I've used dozens of computer printers over the years. With early computers (Apple II, IBM PC's, etc.) I used dot matrix and daisy wheel printers. Expensive, ugly, noisy, slow, text only (OK graphics were available, but really primitive). This was circa 1978.
Next came the first generation of inkjet and laser printers. Still expensive, ugly, quieter, faster, text and graphics and for the most part black printing only. My first Apple brand laser printer was over $5,000.00. This time frame occurred around 1987.
The second generation of ink-jet and laser printers brought speed and color printing but were still expensive. These “marvels” of printing technology required dedicated cables, stubborn software, constantly jamming paper mechanisms and on and on. All of this printing technology came about around 1996 as desktop publishing became all the rage.
Since 1996 to present day (2014) we've seen major strides in reducing the price of printer hardware to where a “decent” inkjet printers can be had for around $70. If I want to have an “All-In-One” (AIO) solution that adds e-printing (wireless printing from smart phones, computers and tablets), scanning, copying, and in some cases faxing (remember that technology?) I have to pay the “big bucks” beginning at about $99. and up.
If you've hung in there with me and are still reading this article you are probably asking what all of this weighty tome of printer history has to do with the articles headline that refers to cheap printing – please read on, we are coming to that next…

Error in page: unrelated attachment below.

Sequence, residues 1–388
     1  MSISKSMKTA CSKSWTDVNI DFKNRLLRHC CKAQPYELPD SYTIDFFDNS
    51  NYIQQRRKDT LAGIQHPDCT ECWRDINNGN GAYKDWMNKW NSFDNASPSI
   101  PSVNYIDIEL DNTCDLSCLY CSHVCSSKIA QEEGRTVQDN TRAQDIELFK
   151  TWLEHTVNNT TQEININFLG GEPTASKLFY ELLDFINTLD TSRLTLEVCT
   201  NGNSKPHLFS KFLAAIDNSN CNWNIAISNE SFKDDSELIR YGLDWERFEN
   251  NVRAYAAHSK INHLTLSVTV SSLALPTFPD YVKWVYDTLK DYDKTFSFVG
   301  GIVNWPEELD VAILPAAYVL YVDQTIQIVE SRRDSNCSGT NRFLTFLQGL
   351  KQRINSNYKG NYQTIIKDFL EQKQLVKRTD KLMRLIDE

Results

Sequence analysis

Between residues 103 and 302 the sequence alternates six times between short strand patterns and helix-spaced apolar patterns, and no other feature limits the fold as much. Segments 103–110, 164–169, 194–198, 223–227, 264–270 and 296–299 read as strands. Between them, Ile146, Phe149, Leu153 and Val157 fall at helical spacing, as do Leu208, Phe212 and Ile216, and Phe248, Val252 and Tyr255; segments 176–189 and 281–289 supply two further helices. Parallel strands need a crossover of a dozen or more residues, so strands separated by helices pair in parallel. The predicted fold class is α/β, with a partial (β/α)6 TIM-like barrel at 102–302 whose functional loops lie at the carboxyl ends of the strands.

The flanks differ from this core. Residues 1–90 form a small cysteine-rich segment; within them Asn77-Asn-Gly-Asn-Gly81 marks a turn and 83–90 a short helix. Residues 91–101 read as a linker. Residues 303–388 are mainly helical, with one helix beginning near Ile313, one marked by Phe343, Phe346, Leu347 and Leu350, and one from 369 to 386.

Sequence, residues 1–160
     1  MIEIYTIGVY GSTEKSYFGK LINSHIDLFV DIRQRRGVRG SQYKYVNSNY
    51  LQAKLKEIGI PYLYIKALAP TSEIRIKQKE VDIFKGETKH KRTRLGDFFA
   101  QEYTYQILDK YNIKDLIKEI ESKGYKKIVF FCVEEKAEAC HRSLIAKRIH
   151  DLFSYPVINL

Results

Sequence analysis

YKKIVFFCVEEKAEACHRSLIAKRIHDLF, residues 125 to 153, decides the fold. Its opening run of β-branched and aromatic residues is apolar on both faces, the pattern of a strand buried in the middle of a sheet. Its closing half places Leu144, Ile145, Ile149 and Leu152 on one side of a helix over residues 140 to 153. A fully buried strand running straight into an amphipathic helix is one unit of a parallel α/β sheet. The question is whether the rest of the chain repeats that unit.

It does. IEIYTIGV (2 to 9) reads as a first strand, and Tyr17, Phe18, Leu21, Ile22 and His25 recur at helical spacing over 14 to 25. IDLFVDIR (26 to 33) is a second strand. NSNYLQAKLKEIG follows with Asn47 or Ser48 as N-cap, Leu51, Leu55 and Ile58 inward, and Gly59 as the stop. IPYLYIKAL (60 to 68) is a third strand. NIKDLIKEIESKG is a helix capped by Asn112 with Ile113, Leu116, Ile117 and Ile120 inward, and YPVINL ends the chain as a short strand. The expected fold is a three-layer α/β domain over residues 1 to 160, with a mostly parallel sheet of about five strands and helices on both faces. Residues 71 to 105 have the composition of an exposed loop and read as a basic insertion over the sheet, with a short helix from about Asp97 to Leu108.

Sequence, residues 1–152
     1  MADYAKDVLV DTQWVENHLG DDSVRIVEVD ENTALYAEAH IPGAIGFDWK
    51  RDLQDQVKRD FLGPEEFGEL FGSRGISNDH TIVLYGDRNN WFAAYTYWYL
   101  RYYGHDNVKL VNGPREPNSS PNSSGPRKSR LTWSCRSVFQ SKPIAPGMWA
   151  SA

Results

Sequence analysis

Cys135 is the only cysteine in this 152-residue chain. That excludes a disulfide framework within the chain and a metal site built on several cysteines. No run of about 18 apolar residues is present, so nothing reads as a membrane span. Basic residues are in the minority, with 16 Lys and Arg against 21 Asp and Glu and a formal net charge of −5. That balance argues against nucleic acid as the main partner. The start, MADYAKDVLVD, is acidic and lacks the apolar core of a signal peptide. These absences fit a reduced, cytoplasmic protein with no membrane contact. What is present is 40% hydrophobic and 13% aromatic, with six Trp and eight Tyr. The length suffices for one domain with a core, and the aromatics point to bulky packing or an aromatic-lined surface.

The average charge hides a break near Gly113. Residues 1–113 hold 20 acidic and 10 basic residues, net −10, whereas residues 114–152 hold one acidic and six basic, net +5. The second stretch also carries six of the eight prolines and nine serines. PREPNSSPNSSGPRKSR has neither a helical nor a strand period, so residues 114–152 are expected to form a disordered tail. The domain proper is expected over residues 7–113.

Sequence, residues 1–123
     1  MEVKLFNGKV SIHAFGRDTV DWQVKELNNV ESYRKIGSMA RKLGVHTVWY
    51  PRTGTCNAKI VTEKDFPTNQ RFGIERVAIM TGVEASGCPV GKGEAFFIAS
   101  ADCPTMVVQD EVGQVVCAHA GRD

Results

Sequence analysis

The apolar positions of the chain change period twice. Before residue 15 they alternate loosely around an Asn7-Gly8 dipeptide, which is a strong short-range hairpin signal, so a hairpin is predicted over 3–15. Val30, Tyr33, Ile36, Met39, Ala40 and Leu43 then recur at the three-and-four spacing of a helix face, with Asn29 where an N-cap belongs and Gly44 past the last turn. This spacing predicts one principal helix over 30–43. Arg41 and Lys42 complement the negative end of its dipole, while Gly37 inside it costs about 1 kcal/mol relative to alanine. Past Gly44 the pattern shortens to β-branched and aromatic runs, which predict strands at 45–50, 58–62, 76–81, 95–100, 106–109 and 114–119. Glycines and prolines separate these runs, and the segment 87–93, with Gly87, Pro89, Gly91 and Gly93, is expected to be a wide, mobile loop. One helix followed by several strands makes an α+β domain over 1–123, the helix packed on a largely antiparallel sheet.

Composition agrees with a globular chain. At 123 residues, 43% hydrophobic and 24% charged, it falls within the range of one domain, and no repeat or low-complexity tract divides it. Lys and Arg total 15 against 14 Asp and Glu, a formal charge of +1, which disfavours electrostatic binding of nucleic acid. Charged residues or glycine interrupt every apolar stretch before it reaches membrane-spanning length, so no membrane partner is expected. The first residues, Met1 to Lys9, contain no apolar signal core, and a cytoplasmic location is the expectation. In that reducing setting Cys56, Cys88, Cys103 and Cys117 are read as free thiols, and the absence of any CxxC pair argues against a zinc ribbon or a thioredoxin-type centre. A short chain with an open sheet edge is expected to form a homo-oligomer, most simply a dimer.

There are well over a dozen different brands of inkjet printers. The popular ones are from HP, Canon and Brother. I have extensive experience with HP, and some experience with Canon and Brother.
Recently I was tempted (and succumbed to temptation) to buy a brand new, factory sealed, Canon Pixma, Model MG3520, from an estate sale reseller. The model is still in production, is an AIO, and includes wireless printing, copying and scanning and lists for just $99.99 and is often found at Amazon and other online and big box stores for about $60.00 – $70.00 plus tax and shipping. My estate sale guy want $35.00 plus tax and no shipping, I negotiated to $30.00. What a bargain! Or was it?
I'm used to HP AIO's (All-In-One's) that are a snap to setup – with or without a computer. All HP AIO's that start at $99 list (about $75 street) and above have little color LCD screens that make setup quick and easy. Just follow the on-screen prompts and your ready to print in less than 10 minutes.
The “bargain” Canon Pixma printer was (and continues to be) a nightmare. There is no LCD screen on the printer – and effective setup can only be done using a USB cable (an extra $20) and a PC (not a smartphone or tablet). After downloading the appropriate software for the printer (from the Canon site) and the operating system (Windows or Mac), extracting it, installing it and configuring it you can begin to use the device for printing, copying and scanning. After downloading the Canon “app” from Apple's app store I could use the features of the printer from my iPhone and iPad. The print quality is just “fair.”
Although I have nothing to “sell” you – I can tell you this… that the old adage about all cars being the same -i.e. goes-down-the-road, and that the engines, transmissions, tires are all the same may hold true for cars, but not for inkjet computer printers.
In value priced cars I like Ford's better than Chevy's. In value priced inkjet printers I like HP's better than Canon's.